My question is, have there been any responses by the Nyaya school to Ramanujacharya's refutation of the cosmological argument? I'm not sure if Ramanujacharya was the one who came up with this refutation, or if it was developed by earlier Vedantic philosophers. But either way, has the Nyaya school ever responded to the ideas described in the passage above?

Now the Nyaya school pretty much entirely disappeared after the Vedanta school became the dominant school of Hindu philosophy, so it's possible that Nyaya philosophers never got a chance to hear Ramanujacharya's argument. But if they did hear of it, I'm interested in reading their response.

EDIT: Here's a brief summary of Ramanujacharya's argument:

  1. We would only have reason to believe that the Earth, the mountains, the oceans, and so on were created by a single creator if they were all at once. But in ordinary observation we see different effects produced at different times, so we have no reason to suppose that things like mountains and oceans were created all at once.

  2. So it's more likely that the Earth, the mountains, etc. were created at different times, in which case they may have been created by different intelligent beings, i.e. different Jivas. If it's objected that Jivas don't have the power needed to create the Earth, in ordinary life we observe that people who accrue more and more religious merit can obtain greater and greater magical powers, so some time in the past some Jivas might have accrued so much merit that they could create the Earth and mountains and so on.

  3. If the Earth was created by a single Lord, is this Lord bodiless or does he have a body? We have no reason to suppose that the Earth was created by a bodiless being, because in ordinary observation we only see effects produced by beings with bodies. And if the Lord created the Earth with a body, how did that body originate? If that body did not originate, we might as well say the Earth did not originate. And for the reasons above we have no reason to suppose it was created by a bodiless being. Thus it must have been created by using another body, but then we enter into an infinite regress.

  4. If a single bodiless Lord did create the Earth, did he have motive in creation or does he have no motives? We have no reason to suppose it was motiveless, for all the effects we observe in life were created with motives. And if the Earth was created in order to fulfill some desire, was this desire fulfilled with no effort or with effort? We have no reason to suppose it was without effort, for in ordinary observation we never see a desire fulfilled without effort. And the Lord cannot have made an effort, for only bodies make efforts.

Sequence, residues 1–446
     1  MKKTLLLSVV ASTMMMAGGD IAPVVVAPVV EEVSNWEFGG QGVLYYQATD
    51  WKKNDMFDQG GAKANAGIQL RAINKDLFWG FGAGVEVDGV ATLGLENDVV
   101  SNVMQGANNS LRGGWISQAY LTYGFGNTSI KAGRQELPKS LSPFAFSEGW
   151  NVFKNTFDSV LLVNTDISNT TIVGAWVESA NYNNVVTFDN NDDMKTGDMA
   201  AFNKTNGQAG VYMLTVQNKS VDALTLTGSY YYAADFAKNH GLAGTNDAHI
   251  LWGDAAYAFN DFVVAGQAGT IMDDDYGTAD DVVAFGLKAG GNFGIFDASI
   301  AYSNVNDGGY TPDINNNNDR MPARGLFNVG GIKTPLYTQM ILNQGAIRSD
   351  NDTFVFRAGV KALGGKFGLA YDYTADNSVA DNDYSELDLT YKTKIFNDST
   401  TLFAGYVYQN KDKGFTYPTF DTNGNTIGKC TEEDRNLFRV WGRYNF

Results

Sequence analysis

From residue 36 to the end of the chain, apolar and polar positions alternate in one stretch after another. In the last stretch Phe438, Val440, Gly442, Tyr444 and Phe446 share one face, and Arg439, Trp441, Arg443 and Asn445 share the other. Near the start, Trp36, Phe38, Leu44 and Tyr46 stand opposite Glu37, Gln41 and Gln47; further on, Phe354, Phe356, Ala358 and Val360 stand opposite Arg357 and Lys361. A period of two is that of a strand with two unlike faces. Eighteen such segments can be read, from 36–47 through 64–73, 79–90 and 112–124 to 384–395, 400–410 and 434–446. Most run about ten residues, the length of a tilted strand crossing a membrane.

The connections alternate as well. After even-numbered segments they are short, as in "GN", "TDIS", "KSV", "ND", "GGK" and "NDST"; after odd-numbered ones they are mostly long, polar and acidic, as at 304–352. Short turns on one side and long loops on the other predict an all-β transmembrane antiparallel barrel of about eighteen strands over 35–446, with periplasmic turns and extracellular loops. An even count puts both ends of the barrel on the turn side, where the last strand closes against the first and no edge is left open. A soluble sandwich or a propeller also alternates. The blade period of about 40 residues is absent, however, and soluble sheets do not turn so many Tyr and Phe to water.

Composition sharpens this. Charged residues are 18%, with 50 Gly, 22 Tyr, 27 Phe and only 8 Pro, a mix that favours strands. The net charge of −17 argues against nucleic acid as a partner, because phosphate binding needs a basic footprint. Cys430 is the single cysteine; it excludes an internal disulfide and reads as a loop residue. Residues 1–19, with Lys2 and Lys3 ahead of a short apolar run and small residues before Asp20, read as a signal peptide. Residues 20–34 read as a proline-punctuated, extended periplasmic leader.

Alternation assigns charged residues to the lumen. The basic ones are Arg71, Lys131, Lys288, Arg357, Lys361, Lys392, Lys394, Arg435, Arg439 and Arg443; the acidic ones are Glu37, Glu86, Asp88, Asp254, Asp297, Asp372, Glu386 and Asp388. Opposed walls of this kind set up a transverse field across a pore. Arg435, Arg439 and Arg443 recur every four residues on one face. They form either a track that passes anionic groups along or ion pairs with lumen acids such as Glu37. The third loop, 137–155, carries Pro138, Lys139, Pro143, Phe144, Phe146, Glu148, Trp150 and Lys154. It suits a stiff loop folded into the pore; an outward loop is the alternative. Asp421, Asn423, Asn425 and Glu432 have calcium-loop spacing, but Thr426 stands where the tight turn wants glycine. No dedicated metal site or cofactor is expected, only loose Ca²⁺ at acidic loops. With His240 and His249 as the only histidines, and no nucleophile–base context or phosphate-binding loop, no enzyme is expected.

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    Isn't there a summary explanation of Ramanuja's theory? Because, after a while, the mind tends to wander, if you get me. – Surya Mar 22 '16 at 15:40
  • It wasn't just Ramanuja, it was the very text of the Brahma Sutras that refuted the Nyaya school. I think it would be better to say that Vyasa refuted Nyaya. The texts that refuted Nyaya were expounded upon by all the commentators. I don't think there was any refutation as the school has been fossilized for so long. – Swami Vishwananda Mar 24 '16 at 5:35
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    @SwamiVishwananda Well, before I posted this question I looked in Adi Shankaracharya's Brahma Sutra Bhashya, and I couldn't find any discussion of the cosmological argument, at least in his commentary on Adhyaya 1 Pada 1 Sutra 3. He does say that Brahman cannot be known through perception or inference, but he doesn't address this particular argument of the Nyaya school. – Keshav Srinivasan Mar 24 '16 at 13:17
  • @Surya I just added a summary to the post. – Keshav Srinivasan Apr 16 '16 at 13:30
  • I will respond to those ... – Rakesh Joshi Dec 3 '17 at 17:25